Low Rent, High Design
A developer with roots in Davis is building affordable mid-century-modern housing for a Palm Springs neighborhood, proving that equity and aesthetics can co-exist. Color us inspired.
In 2019, the Palm Springs City Council approved an affordable housing project the likes of which you don’t often see. Designed by Palm Springs architect Maria Song, the Monarch Apartment Homes development—its planned 54-60 units are for working families that meet the state’s eligibility requirements for income (i.e., low)—is both environmentally sustainable and, well, gorgeous.
Palm Springs is, of course, a mecca for mid-century-modern (MCM) design, but that wasn’t the only reason for choosing the architectural style. The property sits next to the fabled MCM gems designed in the ’60s by Donald Wexler—a pioneer in glass-and-steel-designed homes that themselves were conceived as inexpensively constructed, affordable housing options.
So the goal for Song and the developer—Fairfield-based Community Housing Opportunities Corporation (CHOC)—was to complement the adjacent neighborhood, provide the residents with an inspiring place to call home, and give the city another architectural point of pride. Both the neighbors and city council enthusiastically embraced the concept, and depending on the pace of public funding, CHOC hopes to break ground sometime next year.
Unfortunately, most affordable housing projects aren’t as aesthetically ambitious, but they should be. As Wexler proved in the ’60s, great design doesn’t need to be costly. And every structure that is built—affordable or not—is an opportunity to raise the city’s design quotient.
We do have some examples of thoughtfully designed affordable housing here—like the Warehouse Artist Lofts on R Street and The Hardin on K Street, projects that were brought to life by the late visionary developer Ali Youssefi—but we certainly need a lot more. With Sacramento being the birthplace of MCM icon Ray Eames, a project like the Monarch Apartment Homes would be a welcome addition to our streetscape.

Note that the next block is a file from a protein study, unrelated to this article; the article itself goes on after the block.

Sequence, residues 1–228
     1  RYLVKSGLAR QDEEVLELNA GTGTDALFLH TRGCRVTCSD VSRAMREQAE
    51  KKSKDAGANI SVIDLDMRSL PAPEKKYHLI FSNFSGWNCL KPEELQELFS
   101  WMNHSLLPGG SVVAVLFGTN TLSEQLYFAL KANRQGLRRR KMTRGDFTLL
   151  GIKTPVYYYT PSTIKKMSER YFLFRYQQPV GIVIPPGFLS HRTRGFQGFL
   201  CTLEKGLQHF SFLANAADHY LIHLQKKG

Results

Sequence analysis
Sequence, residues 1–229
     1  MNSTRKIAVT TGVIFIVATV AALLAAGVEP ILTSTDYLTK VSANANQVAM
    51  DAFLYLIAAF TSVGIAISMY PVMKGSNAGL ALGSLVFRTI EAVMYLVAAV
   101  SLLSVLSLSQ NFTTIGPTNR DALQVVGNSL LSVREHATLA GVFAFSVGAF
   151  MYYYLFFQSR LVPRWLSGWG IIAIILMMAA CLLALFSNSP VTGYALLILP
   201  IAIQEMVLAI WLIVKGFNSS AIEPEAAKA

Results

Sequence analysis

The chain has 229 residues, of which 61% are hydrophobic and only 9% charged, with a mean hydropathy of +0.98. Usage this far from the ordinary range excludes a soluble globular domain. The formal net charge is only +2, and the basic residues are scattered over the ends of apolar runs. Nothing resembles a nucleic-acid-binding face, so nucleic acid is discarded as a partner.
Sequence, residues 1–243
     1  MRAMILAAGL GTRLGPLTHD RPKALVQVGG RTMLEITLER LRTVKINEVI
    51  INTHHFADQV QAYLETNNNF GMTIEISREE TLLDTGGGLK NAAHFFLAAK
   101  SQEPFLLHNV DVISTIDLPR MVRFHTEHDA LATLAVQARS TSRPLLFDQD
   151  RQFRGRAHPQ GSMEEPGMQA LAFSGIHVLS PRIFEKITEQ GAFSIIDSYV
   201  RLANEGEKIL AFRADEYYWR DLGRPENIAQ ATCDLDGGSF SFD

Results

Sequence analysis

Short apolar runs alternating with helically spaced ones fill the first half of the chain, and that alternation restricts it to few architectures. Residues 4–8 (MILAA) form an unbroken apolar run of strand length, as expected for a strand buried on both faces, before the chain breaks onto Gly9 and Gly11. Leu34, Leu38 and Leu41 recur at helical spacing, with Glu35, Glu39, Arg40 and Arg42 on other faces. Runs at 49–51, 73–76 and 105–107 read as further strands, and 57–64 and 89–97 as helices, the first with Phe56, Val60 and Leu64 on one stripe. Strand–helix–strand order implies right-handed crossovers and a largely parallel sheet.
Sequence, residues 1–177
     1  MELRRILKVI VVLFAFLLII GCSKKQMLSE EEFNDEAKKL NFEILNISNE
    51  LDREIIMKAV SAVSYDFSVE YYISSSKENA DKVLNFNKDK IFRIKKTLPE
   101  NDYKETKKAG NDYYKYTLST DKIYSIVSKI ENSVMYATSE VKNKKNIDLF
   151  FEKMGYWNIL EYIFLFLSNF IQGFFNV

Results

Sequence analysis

As it happens, CHOC was born in Davis in 1984 when then-Mayor Ann Evans, who campaigned on affordable housing, formed Davis Community Housing with the city council to help create options for people who could no longer afford to live in the town. The entity later split off from the city, changed its name to Community Housing Opportunities Corporation, and relocated to Fairfield in 2012. CHOC currently has about two dozen properties in the Sacramento region, mostly in Davis, with plans to develop more.
The Bottom Line
The city of Sacramento has committed at least $50 million to affordable housing in Oak Park, along with the developers of the planned Aggie Square innovation center nearby. And the city and Sacramento County have been allocated a combined $420 million in federal stimulus package funding. Not only do we need to use these funds to fill a much-needed gap in the residential market, but we need to strive to raise the level of design standards—both in terms of sustainability and style. As the 18th-century British statesman Philip Stanhope wrote, “Whatever is worth doing at all, is worth doing well.”
As this Palm Springs project proves, great design need not be the exclusive realm of the well-to-do. But making it affordable demands creativity. Sacramento has a dearth of both affordable housing and great architectural design. With funding on the way, we now have a rare opportunity to meet both challenges simultaneously. Let’s not settle for anything less.